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Posts Tagged ‘community’

Based on the crowd size from last weekend’s bicycle show, it’s evident that Detroiters love their bikes. For the second year in a row, Detroit Bike City held their bike Expo at Cobo Center in downtown Detroit. Although the Metro Detroit area was covered in a fresh coating of snow and sleet, that didn’t seem to stop thousands of people from attending the annual bicycling event. Over fifty cycling related vendors were there offering a range of bicycles, accessories, and clothing. There were also a number of bicycle-related organizations on hand promoting greenways, organized rides, and special fundraising events.

A wide range of bike accessories were close at hand

A wide range of bike accessories were close at hand

All types of new bikes were on display and available for those wishing to buy a new bike for the upcoming riding season. They included tricycles for youngsters, sleek lightweight racing bicycles, bikes made from light-weight metals, and hand-made bicycles crafted from exotic woods. A number of rugged fat-tired mountain bikes were on display, as were various 1950s retro-looking single and multi-speed urban cruisers, trimmed in shiny chrome.

Rows of vendors offered a variety of bikes and accessories

Rows of vendors offered a variety of bikes and accessories

This beauty was made of wood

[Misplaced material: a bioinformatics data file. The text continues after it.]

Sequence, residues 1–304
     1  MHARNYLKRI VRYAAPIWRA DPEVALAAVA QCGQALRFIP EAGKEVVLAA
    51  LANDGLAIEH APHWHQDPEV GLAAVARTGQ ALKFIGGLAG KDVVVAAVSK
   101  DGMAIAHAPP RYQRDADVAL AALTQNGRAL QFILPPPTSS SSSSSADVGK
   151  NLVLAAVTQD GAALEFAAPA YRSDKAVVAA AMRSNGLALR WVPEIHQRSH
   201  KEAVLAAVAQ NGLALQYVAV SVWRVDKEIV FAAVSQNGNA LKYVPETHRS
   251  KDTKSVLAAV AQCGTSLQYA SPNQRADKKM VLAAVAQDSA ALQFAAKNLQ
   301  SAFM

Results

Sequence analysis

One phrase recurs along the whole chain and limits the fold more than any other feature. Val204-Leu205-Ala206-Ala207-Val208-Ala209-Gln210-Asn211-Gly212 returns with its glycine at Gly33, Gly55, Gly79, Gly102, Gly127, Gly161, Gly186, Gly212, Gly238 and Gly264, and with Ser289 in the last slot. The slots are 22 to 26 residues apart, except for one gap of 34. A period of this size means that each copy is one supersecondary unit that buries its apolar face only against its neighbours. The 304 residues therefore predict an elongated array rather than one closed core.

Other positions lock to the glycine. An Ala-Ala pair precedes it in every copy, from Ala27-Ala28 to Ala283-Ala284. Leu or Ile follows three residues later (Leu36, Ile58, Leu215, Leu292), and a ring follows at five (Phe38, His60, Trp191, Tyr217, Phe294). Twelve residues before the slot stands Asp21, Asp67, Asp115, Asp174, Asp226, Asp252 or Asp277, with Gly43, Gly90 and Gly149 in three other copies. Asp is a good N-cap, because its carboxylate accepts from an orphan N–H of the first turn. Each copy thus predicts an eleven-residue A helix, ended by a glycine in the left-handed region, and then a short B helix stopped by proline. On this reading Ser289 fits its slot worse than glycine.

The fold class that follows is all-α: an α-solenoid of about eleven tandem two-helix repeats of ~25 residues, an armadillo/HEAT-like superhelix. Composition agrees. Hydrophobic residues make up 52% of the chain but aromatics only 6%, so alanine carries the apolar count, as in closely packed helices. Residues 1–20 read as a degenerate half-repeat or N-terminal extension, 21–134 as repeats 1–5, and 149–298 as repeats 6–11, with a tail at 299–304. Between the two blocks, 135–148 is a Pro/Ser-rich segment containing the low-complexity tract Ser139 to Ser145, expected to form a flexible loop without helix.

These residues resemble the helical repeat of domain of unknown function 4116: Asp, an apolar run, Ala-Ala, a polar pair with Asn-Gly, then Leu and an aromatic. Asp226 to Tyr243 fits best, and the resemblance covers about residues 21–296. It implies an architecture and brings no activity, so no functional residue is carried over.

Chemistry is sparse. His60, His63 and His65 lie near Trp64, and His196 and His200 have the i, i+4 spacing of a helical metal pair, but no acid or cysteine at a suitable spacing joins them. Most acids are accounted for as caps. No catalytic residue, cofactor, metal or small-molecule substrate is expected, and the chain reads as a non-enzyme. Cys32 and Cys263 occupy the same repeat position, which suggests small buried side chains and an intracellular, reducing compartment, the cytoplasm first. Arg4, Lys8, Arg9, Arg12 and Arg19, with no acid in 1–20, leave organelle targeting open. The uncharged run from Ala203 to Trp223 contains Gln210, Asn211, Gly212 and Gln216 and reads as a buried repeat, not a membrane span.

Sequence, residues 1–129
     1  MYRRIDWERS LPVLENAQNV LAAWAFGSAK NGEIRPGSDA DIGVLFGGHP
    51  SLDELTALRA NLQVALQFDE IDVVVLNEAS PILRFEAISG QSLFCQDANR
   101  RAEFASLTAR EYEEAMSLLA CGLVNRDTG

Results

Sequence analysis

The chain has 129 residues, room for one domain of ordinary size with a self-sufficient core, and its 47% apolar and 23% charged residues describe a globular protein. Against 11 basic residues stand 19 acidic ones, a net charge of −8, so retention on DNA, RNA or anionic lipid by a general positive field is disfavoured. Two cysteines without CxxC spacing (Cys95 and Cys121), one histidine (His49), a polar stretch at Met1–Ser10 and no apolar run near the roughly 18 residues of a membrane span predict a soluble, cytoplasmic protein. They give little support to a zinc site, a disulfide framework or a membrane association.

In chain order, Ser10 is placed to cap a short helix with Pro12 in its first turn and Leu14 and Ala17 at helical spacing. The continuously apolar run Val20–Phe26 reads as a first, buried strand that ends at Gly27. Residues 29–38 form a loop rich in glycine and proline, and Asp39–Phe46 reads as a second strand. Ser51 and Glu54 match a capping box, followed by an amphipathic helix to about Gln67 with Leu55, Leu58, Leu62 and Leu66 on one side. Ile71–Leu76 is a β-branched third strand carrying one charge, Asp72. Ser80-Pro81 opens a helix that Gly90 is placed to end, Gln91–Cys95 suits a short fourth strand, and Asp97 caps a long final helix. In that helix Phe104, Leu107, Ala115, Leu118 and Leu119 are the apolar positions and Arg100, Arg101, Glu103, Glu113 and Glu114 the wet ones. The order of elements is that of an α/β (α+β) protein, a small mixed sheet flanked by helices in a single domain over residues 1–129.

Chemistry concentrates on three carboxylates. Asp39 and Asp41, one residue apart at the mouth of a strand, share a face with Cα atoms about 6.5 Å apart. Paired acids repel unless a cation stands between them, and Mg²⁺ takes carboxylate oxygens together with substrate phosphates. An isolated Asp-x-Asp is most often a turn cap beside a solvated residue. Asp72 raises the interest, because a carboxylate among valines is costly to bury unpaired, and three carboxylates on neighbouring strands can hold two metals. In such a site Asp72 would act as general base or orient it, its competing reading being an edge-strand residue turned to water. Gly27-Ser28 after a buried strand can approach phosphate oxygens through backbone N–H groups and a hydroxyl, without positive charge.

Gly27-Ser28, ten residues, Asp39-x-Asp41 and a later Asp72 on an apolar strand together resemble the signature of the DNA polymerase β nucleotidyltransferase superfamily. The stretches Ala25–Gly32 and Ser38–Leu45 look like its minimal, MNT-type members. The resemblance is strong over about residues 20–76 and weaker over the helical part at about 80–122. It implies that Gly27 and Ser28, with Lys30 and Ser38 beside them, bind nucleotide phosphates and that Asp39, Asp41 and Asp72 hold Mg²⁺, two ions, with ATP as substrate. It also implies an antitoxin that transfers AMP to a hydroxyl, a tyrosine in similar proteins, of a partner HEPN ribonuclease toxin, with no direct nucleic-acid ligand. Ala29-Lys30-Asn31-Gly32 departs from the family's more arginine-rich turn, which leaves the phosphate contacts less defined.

This beauty was made of wood

Also at the expo were a variety of throwback sting-rays; a classic American kid’s bike complete with high-rise handlebars, banana sets with tall sissy bars. The sting-rays also had gear shift levers (reminiscent of a floor shift found in a car) mounted to the crossbar. The bicycles on display ranged in cost from a few hundred dollars to well into the thousands.

All types of bikes were available to purchase

All types of bikes were available to purchase

In addition to new bikes and accessories, attendees were able buy used bikes, parts, and accessories in a special swap-meet section. A BMX demo was part of the event and they entertained the crowd by doing backflips, spins and other aerobatics while soaring off ramps.  Kudos to the organizers for pulling together this big-time event!

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Spring is close, and that means bicyclists will be hitting the streets of Detroit. Like past years, there are lots of noteworthy tours and bike related events in 2013; many of them listed below. I’m sure there are plenty of others that I’m not aware of, so I invite you post them in the comment section at the bottom of the page.

Detroit Bikes – This group is affiliated with Detroit Synergy. They sponsor and organize a variety of free theme rides, such as a Detroit coffee-house tour. They also do a downtown tour of reproductions from the Detroit Institute of Arts as part of the museum’s outreach program called Inside/Outside. The Detroit Bikes tour season kicks off on March 16th with their annual spring training ride that visits historic Detroit sports venues. Click here to visit their website.